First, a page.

Turning to FIG. 14A, a high acid protein beverage was formulated with egg white protein isolate. Table 9 of FIG. 14A shows the ingredients included in the beverage. The target protein content was 3.5%, which is equivalent to about 4.0% egg white isolate powder. Dry ingredients were mixed and then dissolved in water. The protein was allowed to hydrate for 1 hour. Flavors, colors, and preservatives were then added. The pH was adjusted to 3.75 with 25% phosphoric acid, and further adjusted to pH 3.5 with 50% citric acid for flavor. The beverage was pasteurized under hot fill conditions (195°F for 45 seconds) and immediately immersed in ice-water mix for cooling.

The viscosity of the beverage before and after pasteurization was measured using a

Brookfield LVT viscometer, spindle 1 and speed 60 rpm at 5°C. The sample size was set to 400 grams. The viscosity readings before and after pasteurization were 13.27 and 137.37 cP, respectively. Although there was an increase in viscosity, the beverage remained liquid and no visible indicators of protein coagulation were observed. Thus, egg white protein isolate can be used in high acid protein beverages and exposed to typical hot fill pasteurization conditions without severe protein coagulation.

FIG. 14B shows the viscosity of the beverage of Fig. 14A, having a viscosity after pasteurization of 137.4 cP. FIG. 14C and 14D show viscosities of protein solutions with (Fig. 14C) and without (Fig. 14D) pH adjustment. Viscosity before and after pasteurization at room temp was measured as well as after pasteurization at refrigerated temperatures. For these two formulations 4 percent powder protein solutions were mixed with water and allowed to hydrate for 1 hour. The formulation for FIG. 14C had its pH adjusted to 3.5 with phosphoric acid as this is a typical pH for acidic beverages. The viscosity was measured at room temperature before pasteurization, the mixture was then pasteurized at 195 °F for 45 seconds, then cooled in an ice bath, and viscosity again measured at room temperature as well as 5 °C.

Egg white isolate was less viscous than milk protein isolate (MPI) and milk protein concentrate (MPC) prior to pasteurization and similar in viscosity to dried egg white, whey protein isolate (WPI) and whey protein concentrate (WPC). Egg white isolate was less viscous than MPI and dried egg white and slightly more viscous than WPI, WPC, and MPC after pasteurization but fluid like milk. Dried egg white after pasteurization had high viscosity (1500-2000cP) with a texture similar to a yogurt. Egg white isolate at neutral pH required homogenization after pasteurization. At neutral pH all samples had low viscosity except dried egg white. Dried egg white viscosity at neutral pH was similar to MPI at acidic pH.

FIG. 15 is a photographic comparison of the beverage form FIG. 14A before and after hot fill pasteurization.

FIG 14A-D and FIG 15, illustrate that the egg isolate produced in this disclosure can be used in high acid or neutral protein beverages and exposed to typical hot fill pasteurization conditions without severe protein coagulation at protein concentrations of at least 3.5%. Under neutral pH conditions, it is recommended to use stabilizers and/or phosphates to help with protein stabilization and it is recommended to homogenize the beverage after pasteurization.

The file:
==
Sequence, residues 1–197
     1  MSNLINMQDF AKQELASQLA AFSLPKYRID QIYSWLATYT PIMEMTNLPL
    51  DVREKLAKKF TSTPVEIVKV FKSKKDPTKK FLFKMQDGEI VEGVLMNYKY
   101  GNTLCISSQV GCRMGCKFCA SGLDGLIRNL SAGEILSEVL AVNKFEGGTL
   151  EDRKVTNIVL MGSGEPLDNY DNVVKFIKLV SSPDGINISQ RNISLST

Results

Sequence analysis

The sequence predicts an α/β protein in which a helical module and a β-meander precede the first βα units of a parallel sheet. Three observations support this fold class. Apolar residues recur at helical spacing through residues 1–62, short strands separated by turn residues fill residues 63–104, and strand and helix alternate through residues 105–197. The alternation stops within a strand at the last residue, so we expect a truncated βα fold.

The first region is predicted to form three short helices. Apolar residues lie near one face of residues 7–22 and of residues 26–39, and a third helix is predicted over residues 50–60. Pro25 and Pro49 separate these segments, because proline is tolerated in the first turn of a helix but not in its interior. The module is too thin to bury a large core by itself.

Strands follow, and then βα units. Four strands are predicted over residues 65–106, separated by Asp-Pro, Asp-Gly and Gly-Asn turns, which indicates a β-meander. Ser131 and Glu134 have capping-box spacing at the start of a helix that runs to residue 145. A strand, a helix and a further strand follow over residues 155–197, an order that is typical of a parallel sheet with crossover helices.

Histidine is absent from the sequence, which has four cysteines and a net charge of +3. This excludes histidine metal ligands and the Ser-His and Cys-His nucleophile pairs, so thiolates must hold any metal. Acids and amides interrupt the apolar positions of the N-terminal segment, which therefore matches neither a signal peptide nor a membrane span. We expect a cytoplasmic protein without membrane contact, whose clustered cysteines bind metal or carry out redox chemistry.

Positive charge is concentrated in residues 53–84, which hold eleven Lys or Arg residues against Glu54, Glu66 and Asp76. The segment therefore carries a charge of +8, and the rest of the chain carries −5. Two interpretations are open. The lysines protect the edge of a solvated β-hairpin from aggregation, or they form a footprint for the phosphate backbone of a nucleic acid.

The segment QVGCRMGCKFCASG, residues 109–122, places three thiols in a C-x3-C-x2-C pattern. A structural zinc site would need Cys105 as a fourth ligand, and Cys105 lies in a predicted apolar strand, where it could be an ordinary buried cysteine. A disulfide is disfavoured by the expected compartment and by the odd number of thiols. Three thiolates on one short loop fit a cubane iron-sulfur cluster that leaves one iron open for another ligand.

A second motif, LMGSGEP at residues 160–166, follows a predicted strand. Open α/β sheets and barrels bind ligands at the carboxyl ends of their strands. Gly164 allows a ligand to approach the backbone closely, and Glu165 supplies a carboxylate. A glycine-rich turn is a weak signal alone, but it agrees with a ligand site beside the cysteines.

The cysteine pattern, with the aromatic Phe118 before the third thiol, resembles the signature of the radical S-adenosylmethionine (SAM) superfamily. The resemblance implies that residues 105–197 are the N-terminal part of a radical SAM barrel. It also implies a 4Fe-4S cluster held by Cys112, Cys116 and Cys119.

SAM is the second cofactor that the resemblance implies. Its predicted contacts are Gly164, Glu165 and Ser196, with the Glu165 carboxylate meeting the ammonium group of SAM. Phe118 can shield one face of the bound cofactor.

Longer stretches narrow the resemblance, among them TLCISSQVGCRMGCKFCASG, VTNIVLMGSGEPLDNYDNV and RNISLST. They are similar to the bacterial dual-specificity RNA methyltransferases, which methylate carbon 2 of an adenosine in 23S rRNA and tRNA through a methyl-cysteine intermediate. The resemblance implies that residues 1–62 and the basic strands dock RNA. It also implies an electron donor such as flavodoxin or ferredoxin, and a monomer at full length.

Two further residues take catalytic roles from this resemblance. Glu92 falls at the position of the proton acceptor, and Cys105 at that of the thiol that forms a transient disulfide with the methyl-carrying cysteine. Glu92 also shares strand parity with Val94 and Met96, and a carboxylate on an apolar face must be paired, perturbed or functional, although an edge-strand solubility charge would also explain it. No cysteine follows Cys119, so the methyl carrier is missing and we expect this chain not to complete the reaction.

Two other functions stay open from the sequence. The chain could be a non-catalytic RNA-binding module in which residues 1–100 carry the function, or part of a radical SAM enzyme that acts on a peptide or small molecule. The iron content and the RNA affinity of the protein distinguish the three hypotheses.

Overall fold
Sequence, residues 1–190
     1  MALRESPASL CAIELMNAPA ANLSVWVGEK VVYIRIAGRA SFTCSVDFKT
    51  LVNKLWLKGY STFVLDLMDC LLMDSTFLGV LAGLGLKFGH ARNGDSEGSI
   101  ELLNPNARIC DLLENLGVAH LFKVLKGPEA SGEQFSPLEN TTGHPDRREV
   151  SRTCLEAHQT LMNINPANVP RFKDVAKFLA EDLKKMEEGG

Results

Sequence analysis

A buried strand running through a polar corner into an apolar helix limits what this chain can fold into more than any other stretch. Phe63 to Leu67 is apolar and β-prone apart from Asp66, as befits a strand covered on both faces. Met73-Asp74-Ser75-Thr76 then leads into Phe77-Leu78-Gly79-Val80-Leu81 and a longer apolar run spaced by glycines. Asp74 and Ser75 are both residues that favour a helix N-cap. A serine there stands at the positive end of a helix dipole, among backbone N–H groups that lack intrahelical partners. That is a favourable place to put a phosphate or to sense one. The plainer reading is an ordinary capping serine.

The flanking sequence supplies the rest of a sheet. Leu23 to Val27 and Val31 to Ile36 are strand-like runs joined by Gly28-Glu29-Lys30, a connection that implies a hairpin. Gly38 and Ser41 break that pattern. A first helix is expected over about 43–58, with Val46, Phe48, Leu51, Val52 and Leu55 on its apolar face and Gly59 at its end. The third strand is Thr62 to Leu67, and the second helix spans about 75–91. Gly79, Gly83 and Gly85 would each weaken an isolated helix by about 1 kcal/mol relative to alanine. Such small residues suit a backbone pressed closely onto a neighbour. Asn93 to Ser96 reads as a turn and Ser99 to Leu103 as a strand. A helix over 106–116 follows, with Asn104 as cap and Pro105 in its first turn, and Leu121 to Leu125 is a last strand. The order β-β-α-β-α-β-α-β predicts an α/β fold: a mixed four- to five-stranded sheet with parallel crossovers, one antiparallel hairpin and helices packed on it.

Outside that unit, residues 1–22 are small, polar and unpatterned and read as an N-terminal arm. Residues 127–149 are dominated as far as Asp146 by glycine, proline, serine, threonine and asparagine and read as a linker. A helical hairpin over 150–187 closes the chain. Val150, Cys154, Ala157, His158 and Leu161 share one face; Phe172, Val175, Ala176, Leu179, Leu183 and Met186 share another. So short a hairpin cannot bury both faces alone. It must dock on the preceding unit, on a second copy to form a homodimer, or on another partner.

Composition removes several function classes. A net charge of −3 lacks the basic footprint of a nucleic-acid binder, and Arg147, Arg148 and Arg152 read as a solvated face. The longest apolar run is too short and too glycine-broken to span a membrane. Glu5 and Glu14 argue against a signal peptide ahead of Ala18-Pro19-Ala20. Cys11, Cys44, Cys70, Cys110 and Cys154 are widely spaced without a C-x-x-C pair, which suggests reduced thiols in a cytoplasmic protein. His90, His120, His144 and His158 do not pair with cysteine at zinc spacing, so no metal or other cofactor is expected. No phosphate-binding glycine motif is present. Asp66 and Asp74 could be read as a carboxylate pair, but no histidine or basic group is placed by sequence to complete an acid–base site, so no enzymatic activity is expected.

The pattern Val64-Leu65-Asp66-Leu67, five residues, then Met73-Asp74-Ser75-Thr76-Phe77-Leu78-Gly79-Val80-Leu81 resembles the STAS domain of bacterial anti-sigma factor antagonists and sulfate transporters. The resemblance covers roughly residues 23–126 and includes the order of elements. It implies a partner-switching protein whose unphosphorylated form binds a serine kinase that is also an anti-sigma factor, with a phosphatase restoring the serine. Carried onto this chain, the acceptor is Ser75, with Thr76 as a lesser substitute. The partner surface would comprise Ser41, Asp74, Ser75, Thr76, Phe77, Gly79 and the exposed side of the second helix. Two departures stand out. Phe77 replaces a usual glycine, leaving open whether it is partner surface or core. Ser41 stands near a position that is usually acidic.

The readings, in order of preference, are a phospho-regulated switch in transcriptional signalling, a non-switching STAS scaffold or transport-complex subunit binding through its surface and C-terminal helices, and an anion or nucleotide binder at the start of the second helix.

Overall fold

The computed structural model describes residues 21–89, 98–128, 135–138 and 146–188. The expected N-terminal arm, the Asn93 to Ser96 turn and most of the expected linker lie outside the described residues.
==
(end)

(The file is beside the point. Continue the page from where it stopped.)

High Protein Bakery Goods

Turning to FIGS. 16-19, samples of egg white protein isolates were used as a substitute for dried egg white in different bakery applications including yellow cakes, muffins, cookies, pancakes, crepes, blintzes, waffles, and other baked goods. Different levels of egg white protein isolate were tested in the formulas, including a 1: 1 substitution for egg whites and adjusted usage by protein content. Also, formulations with an additional 50% and two times the original egg white protein content were tested to illustrate application of the product in protein-fortified baked goods.

Examples of formulations with yellow cake were listed in Table 10 of FIG. 16. Dry ingredients were manually blended and mixed with the liquid ingredients in a Kitchenaid mixer with paddle attachment on speed 1 for 15 seconds, then speed 2 for 15 seconds. The bowl was manually scraped to remove accumulation of batter on the sides of the bowl. Then the batter was mixed on speed 5 for 2 more minutes. 600g of batter was placed into a 9-inch round cake pan lined with parchment paper on the bottom. The cakes were baked for 33 minutes at 350°F and then removed from the oven and cooled on wire rack.

Cake heights were measured according to the AACC international method 10-91.01. This measurement scheme is detailed in FIGS. 17 A and 17B. Measurements were used to estimate volume index (B+C+D), symmetry index (2C-B-D) and uniformity index (B-D). Cake hardness, springiness, and gumminess were analyzed following the AIB standard method for cake texture analysis. Hardness, cohesiveness, and springiness were measured using a texture analyzer (TA.XTPlus, Texture Technologies Corporation, NY) at 10mm depth (2mm/s) and residual hardness after 3 seconds hold time. The probe used for measurement was a 1 inch diameter cylindrical probe (TA-11, acrylic, 35mm tall) using a 5kg load cell. FIG. 17A shows the measurement of cake heights according to AACC 10-91.01. FIG. 17B shows the cake cutting pattern used to obtain samples for texture analysis by Rhodia Corp & Texture Technologies Corp., USA.